I won’t pretend that there’s an indisputable, objective list of what comprises character, but there is consensus. A team of 55 social scientists studied world religions, philosophies and psychology looking for agreed-upon virtues and character strengths found across cultures and time. Their research forms the basis for the VIA Institute on Character.

Similarly, in Judaism we believe that each of us is endowed with a full range of “middot” or character traits. Both agree that what distinguishes one person from another is not that you have one trait and I have another, but rather the degree or measure of the traits that exist in each of us. Most importantly, both recognize the uniqueness of each person and also their capacity to change.

Rabbi Kalonymus Kalman Shapira finds a kind of creativity in our process of returning to who we are meant to be; he believes growth and possibility must be uncovered much as a sculpture is hidden by a brute block of stone and must be drawn out.

My colleagues at Perelman Jewish Day School understand how each of us is affected by being in a good place with good teachings and with good people. We guide our young learners to a mindful awareness of their particular character strengths, helping them nourish and develop their virtues and traits as they aspire to character memory. The elementary years may be the optimal time to begin, but it’s never too late for any of us.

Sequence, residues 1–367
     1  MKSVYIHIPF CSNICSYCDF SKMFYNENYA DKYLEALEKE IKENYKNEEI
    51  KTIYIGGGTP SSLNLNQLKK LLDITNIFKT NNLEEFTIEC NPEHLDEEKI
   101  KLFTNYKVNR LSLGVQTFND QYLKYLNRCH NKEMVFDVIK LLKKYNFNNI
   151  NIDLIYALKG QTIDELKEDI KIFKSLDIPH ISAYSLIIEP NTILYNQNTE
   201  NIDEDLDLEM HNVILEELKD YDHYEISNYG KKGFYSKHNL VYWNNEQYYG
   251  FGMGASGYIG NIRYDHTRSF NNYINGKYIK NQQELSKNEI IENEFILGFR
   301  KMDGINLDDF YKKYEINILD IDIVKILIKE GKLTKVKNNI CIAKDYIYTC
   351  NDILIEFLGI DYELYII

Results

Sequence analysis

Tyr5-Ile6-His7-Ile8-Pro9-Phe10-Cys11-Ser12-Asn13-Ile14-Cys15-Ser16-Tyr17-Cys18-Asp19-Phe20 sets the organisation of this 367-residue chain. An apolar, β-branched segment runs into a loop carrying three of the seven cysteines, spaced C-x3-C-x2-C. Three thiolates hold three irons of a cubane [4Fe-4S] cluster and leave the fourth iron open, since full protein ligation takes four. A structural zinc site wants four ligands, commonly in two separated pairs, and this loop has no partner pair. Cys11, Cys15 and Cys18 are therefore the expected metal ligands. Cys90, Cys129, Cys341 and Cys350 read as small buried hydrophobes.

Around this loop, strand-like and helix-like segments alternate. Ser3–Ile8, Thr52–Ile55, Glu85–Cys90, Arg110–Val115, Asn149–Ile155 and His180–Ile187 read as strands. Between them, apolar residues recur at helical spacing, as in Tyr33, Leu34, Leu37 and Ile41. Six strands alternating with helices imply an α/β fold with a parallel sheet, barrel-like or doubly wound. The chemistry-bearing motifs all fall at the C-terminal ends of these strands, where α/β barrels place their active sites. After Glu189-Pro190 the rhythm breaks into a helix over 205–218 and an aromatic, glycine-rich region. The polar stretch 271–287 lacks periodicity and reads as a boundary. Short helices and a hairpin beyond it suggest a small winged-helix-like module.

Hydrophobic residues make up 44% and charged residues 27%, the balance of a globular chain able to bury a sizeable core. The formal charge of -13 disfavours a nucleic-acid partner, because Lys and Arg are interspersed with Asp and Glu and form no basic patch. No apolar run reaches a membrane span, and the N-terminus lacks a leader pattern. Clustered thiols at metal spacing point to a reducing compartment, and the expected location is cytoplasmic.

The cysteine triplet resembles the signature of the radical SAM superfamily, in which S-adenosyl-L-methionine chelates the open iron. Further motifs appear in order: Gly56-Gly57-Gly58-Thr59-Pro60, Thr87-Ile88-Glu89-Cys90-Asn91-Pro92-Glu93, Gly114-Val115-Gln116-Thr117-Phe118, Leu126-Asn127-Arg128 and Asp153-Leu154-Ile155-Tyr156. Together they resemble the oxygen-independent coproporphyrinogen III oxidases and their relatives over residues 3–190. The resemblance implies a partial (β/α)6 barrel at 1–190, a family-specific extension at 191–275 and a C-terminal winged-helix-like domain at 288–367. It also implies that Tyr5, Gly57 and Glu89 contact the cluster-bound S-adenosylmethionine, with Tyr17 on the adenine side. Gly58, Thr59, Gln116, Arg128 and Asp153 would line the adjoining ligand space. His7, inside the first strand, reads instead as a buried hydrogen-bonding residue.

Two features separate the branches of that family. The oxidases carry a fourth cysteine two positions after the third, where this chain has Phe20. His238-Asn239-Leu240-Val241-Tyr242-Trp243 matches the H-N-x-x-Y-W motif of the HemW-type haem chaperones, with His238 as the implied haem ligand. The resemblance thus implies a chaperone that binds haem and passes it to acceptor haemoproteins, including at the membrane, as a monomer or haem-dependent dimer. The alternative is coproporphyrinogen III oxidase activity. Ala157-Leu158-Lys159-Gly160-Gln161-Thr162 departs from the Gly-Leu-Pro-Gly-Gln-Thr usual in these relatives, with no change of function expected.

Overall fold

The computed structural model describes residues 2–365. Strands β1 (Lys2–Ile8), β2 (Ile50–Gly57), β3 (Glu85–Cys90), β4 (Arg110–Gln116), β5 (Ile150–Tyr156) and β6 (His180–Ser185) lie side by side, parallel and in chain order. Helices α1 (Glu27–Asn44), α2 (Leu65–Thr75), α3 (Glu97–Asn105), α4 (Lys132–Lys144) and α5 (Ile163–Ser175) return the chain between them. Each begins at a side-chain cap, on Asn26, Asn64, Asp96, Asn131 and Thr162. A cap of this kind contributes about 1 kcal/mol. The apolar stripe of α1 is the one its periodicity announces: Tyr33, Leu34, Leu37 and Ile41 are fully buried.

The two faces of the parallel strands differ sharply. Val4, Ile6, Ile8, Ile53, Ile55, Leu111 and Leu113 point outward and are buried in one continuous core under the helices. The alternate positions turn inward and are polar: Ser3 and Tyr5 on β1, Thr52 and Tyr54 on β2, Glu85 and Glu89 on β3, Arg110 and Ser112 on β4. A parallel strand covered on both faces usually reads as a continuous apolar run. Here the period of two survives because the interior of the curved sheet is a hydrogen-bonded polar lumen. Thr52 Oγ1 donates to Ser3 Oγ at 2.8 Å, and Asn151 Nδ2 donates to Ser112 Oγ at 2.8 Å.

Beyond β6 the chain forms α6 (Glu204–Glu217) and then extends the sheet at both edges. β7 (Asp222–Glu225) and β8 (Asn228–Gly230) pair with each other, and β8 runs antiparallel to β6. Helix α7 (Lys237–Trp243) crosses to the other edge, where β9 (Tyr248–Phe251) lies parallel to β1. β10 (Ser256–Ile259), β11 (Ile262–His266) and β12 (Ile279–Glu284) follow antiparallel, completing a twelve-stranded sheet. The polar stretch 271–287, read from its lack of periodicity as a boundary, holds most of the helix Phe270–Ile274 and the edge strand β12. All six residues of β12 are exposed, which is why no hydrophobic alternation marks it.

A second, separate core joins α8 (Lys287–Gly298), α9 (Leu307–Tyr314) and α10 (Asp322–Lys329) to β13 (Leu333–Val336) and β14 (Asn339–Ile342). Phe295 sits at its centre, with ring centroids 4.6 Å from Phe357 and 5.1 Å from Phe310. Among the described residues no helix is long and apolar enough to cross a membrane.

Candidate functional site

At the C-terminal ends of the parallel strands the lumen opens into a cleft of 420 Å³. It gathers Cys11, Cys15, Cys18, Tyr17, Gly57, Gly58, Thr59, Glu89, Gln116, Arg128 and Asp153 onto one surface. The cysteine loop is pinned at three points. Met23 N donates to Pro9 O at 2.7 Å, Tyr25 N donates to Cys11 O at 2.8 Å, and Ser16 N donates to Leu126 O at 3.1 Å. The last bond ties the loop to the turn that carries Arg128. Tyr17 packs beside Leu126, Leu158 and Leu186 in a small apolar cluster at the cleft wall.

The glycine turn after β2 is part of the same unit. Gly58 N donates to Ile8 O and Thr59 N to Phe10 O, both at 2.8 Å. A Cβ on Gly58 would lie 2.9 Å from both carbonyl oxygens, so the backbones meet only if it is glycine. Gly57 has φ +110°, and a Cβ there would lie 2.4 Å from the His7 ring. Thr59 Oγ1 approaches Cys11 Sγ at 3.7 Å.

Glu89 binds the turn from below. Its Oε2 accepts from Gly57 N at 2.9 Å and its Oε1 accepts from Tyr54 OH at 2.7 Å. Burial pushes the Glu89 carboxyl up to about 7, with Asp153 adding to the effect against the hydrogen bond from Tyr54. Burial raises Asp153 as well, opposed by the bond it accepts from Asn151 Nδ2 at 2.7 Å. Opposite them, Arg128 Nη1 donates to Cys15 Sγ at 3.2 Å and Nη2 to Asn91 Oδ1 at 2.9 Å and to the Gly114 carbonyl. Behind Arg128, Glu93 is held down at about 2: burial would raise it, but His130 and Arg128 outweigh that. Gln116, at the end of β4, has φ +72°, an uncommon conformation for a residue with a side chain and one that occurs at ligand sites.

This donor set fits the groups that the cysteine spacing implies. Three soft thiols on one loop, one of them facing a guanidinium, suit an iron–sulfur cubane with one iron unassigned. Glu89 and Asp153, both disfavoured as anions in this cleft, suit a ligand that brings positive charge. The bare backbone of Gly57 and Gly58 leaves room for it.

Rabbi Chaim Galfand is the rabbi for Perelman Jewish Day School. The Board of Rabbis of Greater Philadelphia is proud to provide diverse perspectives on Torah commentary for the Jewish Exponent. The opinions expressed in this column are the author’s own and do not reflect the view of the Board of Rabbis.